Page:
MURCIA – An investigation has been launched as to why over the last few days, hundreds of dead fish have washed up on the shores of Mar Menor in the southern Spain region of Murcia. Mar Menor is one of the largest saltwater lagoons in Europe.
Among the dead fish are also blue crabs, prawns, and other crustaceans. These crabs are normally very strong and resistant. So, for these to be dead and dying means the situation is even worse than initially thought. Locals who witnessed the horrific scene alerted SOS Mar Menor. This is the fourth day into the tragedy. And as you can see from the official tweet, what is happening is very serious indeed!
Cuarto día 😔
La Manga – Km. 3
Frente Isla del Ciervo
— SOS Mar Menor (@sosmarmenorofi) August 19, 2021
Similar events in 2019 and in 2015
It is not the first time this has happened in the area. In 2015 the same phenomenon, described as extreme eutrophication, was blamed for colouring the waters of Mar Menor green. It killed 85% of the seagrass at the time.
Ecologists expressed concerns this week’s grim find could be a repeat of October 2019. At that time, in the same area, thousands of fish died and washed up on the beach. At the time, experts blamed the deaths on decades of nitrate-laden runoffs. Mostly from agriculture, making their way into the lagoon and sparking vast blooms of algae that depleted the water of oxygen. If this was the case, then essentially, the fish suffocated
Nothing appears to have changed since 2015
Researchers have long warned that the area was under extreme pressure. The lagoon sits adjacent to an expansive area of intensive agriculture, stretching about 60,000 hectares. Additionally, poor sewage systems in nearby towns, as well as discharge from mining activities, have added to the problem.
However, agricultural groups have pushed back against their claims. They say they are not to blame for the crisis and argue their processes are fully compliant with environmental legislation.
According to UK newspaper, The Guardian, regional government officials have denied that the deaths were caused by a lack of oxygen in the water or the presence of a toxic substance. They back this by citing preliminary studies conducted by a university in the region. Instead, however, they hinted the cause could be linked to the recent heatwave. And as such pointed to data that showed a rise in water temperature from 28.5C (83.3F) to 31C (87.8F) over two days.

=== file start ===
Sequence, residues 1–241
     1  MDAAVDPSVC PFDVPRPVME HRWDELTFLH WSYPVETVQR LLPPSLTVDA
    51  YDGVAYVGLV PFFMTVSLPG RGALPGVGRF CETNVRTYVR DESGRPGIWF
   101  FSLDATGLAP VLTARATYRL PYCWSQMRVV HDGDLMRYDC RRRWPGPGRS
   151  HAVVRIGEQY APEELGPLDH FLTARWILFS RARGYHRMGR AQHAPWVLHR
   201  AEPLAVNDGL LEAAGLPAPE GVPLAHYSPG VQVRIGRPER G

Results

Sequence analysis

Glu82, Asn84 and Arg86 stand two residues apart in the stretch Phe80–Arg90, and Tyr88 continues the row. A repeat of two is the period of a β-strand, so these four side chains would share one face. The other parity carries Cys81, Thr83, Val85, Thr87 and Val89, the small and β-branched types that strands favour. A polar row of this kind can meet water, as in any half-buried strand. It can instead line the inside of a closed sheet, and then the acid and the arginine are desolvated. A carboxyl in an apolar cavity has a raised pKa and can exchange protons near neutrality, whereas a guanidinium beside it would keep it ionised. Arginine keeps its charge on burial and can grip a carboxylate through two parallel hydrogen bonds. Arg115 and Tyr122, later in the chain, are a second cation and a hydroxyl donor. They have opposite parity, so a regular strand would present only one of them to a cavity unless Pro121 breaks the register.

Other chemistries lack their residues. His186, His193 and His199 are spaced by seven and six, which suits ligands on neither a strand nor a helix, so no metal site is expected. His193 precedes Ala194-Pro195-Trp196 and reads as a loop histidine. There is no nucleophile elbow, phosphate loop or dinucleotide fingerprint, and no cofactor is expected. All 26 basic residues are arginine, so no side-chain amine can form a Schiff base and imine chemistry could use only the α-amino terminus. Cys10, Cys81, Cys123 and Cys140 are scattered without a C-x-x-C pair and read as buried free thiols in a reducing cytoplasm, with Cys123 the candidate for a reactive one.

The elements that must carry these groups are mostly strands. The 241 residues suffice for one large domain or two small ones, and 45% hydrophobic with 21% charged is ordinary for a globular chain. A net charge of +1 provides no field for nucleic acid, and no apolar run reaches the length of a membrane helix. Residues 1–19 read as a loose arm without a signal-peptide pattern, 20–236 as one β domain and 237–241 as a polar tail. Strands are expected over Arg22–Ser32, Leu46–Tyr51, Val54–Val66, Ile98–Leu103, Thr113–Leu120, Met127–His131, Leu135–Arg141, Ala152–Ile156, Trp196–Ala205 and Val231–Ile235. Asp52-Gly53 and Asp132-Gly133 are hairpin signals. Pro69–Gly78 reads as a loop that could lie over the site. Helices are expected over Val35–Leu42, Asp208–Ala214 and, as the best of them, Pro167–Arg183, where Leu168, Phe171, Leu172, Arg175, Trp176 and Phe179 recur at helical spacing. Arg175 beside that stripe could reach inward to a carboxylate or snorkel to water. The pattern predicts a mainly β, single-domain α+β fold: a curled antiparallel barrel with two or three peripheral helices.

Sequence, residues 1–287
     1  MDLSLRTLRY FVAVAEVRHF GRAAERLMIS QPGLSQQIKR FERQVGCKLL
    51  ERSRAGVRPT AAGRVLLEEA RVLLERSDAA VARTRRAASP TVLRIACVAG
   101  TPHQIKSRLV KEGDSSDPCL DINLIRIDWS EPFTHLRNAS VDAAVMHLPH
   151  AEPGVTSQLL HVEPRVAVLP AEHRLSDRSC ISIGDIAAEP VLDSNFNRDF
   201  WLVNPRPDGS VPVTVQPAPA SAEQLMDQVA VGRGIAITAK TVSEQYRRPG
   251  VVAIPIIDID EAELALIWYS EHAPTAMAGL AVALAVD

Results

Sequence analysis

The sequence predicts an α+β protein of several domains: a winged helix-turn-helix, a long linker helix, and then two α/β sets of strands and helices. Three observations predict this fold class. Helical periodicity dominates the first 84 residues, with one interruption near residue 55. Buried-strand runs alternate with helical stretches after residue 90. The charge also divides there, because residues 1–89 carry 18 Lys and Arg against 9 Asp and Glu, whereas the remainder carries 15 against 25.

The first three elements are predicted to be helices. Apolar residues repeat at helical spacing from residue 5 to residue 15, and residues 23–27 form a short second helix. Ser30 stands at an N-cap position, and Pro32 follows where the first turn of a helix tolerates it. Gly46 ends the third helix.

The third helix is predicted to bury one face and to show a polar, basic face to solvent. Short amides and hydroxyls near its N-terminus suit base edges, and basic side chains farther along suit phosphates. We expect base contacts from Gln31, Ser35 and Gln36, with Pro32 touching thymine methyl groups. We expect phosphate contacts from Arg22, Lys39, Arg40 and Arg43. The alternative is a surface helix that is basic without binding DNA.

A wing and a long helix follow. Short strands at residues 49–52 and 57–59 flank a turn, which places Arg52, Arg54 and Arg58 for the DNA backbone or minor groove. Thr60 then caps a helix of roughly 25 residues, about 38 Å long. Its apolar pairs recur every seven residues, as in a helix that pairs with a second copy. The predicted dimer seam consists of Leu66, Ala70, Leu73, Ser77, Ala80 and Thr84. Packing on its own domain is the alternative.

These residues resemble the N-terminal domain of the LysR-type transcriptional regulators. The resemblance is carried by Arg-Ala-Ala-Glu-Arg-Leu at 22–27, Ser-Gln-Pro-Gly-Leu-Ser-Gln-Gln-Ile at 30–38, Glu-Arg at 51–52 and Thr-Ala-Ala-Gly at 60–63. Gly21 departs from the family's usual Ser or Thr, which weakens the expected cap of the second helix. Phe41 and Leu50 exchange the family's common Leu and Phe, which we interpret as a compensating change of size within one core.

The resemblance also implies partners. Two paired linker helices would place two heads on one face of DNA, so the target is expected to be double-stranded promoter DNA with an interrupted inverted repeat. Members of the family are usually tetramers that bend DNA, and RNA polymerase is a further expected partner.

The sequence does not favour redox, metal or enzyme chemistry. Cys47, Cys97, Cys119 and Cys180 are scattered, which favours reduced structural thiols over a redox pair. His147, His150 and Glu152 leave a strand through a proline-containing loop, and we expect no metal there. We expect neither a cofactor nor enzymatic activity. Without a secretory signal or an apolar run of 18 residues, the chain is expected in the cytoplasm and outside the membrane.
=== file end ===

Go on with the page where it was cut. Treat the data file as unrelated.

However, Ada García Saura, who is among those pushing to protect Mar Menor by recognising it legally as a “person”, rejected the explanation. “The Mar Menor usually has a temperature of 26 or 27 degrees. We’re almost in a subtropical climate,” she said. “So, the flora and fauna of Mar Menor are adapted to these temperatures.”
SOS Mar Menor calls for people to help raise awareness of the problems in the lagoon and to wear a t-shirt or flag with the message. Let’s make #SOSMARMENOR visible throughout Spain. They ask for this to be done on August 21 as La Vuelta passes through the area.
ANSE, a conservation group in the area, documented more dead specimens around the Tomás Maestre port of La Manga. The naturalist association will carry out analyses of the waters of the Mar Menor with the support of other organisations to look for the origin of the problem “beyond what official sources indicate.”
WWF (the conservation charity) also called on authorities to carry out a wider investigation to ensure lack of oxygen was not the cause. Until there is a proper investigation, it is impossible to find the cause of all these deaths.